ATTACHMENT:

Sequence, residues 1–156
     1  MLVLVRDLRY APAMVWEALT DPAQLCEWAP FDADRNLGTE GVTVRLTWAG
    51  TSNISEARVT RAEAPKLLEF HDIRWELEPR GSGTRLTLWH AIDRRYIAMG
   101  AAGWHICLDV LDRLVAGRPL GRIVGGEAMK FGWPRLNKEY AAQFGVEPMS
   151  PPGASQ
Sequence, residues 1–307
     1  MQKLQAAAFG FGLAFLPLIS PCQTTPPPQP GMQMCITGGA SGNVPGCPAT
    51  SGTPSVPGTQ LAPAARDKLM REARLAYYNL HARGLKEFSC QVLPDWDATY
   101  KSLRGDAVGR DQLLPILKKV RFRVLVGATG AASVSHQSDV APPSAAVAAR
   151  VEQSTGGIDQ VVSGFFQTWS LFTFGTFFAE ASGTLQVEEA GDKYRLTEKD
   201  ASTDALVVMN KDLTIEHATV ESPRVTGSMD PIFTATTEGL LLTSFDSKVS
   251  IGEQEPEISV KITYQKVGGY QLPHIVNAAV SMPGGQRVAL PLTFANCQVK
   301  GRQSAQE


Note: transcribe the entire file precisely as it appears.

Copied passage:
Sequence, residues 1–156
     1  MLVLVRDLRY APAMVWEALT DPAQLCEWAP FDADRNLGTE GVTVRLTWAG
    51  TSNISEARVT RAEAPKLLEF HDIRWELEPR GSGTRLTLWH AIDRRYIAMG
   101  AAGWHICLDV LDRLVAGRPL GRIVGGEAMK FGWPRLNKEY AAQFGVEPMS
   151  PPGASQ
Sequence, residues 1–307
     1  MQKLQAAAFG FGLAFLPLIS PCQTTPPPQP GMQMCITGGA SGNVPGCPAT
    51  SGTPSVPGTQ LAPAARDKLM REARLAYYNL HARGLKEFSC QVLPDWDATY
   101  KSLRGDAVGR DQLLPILKKV RFRVLVGATG AASVSHQSDV APPSAAVAAR
   151  VEQSTGGIDQ VVSGFFQTWS LFTFGTFFAE ASGTLQVEEA GDKYRLTEKD
   201  ASTDALVVMN KDLTIEHATV ESPRVTGSMD PIFTATTEGL LLTSFDSKVS
   251  IGEQEPEISV KITYQKVGGY QLPHIVNAAV SMPGGQRVAL PLTFANCQVK
   301  GRQSAQE